THE word which will sum up the scientific achievement of the nineteenth century to an unparalleled degree, unless the years remaining have some very great discovery in store, is transmutation." The achievement corresponding to this word has been in two related orders of phenomena, the chemical and physical; and in one apart from these, the biological. In the former case, it is the transmutation of energy that has been discovered. In the latter, it is the transmutation of species. The two discoveries, taken separately, are of great scientific interest and value. Taken together, their philosophical and religious value is immense. The books elucidating these discoveries are the most valuable additions to "our Unitarian Literature" that have been written for the last half-century, though I have never heard that the American Unitarian Association has any of them upon its list of publications or keeps any of them for sale. But how impressively they teach the unity of the Force which has so many manifestations in the material world,—the unity of organization underlying myriads of animal and vegetable forms! "The Lord our God is one Lord." The pebble and the star, the sunshine and the coal, the moneron and the man, all chant in unison this Unitarian confession.
It is of the transmutation or conversion of energy that I wish to speak with you to-day, yet not of any of those brilliant illustrations of the law of conservation which have been developed by Grove and Mayer and Faraday and Tyndall and Thomson and Joule and others,— illustrations by which it is shown that, though the total energy of any body or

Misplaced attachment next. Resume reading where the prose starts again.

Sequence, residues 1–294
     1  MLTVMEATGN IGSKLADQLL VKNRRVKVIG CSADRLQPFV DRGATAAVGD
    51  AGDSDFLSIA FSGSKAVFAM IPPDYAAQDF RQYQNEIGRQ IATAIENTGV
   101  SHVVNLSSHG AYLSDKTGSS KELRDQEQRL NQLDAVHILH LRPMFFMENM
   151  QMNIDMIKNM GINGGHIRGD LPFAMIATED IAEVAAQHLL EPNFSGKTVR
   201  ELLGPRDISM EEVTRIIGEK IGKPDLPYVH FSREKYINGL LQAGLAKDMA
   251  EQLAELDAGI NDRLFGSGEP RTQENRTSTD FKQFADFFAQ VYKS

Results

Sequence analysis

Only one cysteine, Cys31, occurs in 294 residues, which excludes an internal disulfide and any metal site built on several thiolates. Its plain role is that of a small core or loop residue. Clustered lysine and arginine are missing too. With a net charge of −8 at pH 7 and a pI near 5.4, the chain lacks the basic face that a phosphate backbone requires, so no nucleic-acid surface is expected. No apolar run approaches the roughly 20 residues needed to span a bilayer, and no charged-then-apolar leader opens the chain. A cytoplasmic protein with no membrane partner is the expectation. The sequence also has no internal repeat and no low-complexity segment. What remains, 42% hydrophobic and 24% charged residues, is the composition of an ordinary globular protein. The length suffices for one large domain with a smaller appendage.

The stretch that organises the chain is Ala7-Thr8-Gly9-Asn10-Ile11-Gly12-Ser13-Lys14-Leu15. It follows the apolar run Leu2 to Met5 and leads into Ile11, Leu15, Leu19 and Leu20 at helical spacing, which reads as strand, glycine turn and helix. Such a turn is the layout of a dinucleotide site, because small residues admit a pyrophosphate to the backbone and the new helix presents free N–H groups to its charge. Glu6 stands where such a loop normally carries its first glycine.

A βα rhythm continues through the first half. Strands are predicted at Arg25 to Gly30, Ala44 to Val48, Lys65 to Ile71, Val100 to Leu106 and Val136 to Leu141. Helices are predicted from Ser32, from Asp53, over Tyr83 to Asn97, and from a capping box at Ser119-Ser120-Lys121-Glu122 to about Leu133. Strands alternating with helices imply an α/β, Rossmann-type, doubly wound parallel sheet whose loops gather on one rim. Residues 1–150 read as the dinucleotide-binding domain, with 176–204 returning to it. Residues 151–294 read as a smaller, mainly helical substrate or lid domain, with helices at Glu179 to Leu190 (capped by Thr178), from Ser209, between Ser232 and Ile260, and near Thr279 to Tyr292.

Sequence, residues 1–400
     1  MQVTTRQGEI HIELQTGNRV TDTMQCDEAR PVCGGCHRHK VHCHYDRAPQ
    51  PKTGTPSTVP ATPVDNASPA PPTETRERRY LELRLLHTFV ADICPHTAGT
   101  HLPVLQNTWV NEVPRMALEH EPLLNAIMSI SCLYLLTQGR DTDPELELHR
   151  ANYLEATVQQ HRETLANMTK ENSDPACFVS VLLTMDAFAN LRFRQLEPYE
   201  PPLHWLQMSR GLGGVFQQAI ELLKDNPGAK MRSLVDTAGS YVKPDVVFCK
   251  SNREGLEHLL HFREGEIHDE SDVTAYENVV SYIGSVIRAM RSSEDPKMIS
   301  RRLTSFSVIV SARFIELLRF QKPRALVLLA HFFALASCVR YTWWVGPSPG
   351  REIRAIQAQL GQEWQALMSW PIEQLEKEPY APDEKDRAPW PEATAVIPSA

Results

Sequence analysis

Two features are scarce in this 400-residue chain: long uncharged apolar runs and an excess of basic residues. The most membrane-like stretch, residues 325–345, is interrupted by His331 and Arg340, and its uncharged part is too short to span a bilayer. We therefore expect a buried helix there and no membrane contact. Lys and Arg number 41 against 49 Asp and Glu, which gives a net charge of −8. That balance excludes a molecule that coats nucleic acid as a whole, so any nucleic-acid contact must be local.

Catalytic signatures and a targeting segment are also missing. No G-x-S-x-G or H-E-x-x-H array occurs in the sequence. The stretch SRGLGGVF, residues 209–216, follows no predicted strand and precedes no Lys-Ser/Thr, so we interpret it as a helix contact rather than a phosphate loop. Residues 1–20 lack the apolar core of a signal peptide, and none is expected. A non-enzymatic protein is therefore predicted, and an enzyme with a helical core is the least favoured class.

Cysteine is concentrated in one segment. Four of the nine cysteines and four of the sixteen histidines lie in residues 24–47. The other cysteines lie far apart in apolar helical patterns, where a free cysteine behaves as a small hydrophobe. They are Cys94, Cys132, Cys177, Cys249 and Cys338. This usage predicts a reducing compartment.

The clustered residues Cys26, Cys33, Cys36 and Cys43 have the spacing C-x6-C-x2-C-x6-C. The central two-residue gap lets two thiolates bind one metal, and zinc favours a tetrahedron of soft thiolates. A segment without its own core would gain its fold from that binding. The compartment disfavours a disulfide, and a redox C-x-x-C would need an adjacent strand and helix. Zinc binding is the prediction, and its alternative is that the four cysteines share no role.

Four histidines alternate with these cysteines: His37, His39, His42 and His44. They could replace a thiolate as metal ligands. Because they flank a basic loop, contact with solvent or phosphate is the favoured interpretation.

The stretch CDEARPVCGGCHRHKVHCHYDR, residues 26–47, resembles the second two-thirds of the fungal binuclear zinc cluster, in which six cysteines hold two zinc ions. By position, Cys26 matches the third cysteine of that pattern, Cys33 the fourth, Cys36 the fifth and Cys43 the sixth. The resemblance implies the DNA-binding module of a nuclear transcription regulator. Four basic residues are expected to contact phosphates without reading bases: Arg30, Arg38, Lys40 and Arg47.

system of bodies cannot be increased or diminished by any mutual action, it can be transformed into any one of the forms of which energy is susceptible,— heat into motion, motion into heat, and heat or motion into electricity or light or magnetism or chemical affinity or mechanical force, and each of these in turn into any one of the others, or into all of them in various proportions. The conversion of energy of which I wish to speak has little of scientific, much of moral interest. Whether or not we have here a case of natural law in the spiritual world I shall not attempt to prove. But, if we have not an extended law, we have a striking correspondence. Here, as elsewhere, the natural world abounds in wonderful analogies of spiritual things, which many, like Professor Drummond, in his "Natural Law in the Spiritual World," have been inclined to overwork.
Some of you, I am sure, have read the Life of Elizabeth Gilbert. The briefest summary of what she was and did will afford a very striking illustration of one form of moral con servation, the development of faculty through limitation and defect. She was a bishop's little daughter, whose sight was destroyed in her third year by an attack of scarlet fever, which bequeathed to her a general inheritance of ruined health. Throughout her childhood and her youth she was not unhappy, her misfortune attracting to her a great deal of sympathy and attention. It was when she came to the threshold of womanhood that the difference between her life and that of her several sisters came home to her with agonizing force. Then in a happy hour, after a period of intense depression, threatening to shake her reason from its seat, she met a noble woman who cherished the conviction that, even for women cut off from love and marriage by some superiority or defect, a useful, happy life was possible, that the energy of their thwarted instincts might be converted into an energy of social good. The mind of the poor sightless girl, impregnated by the stronger mind of her companion, conceived a hope that she might accomplish something, notwithstanding her pathetic limitation. The energy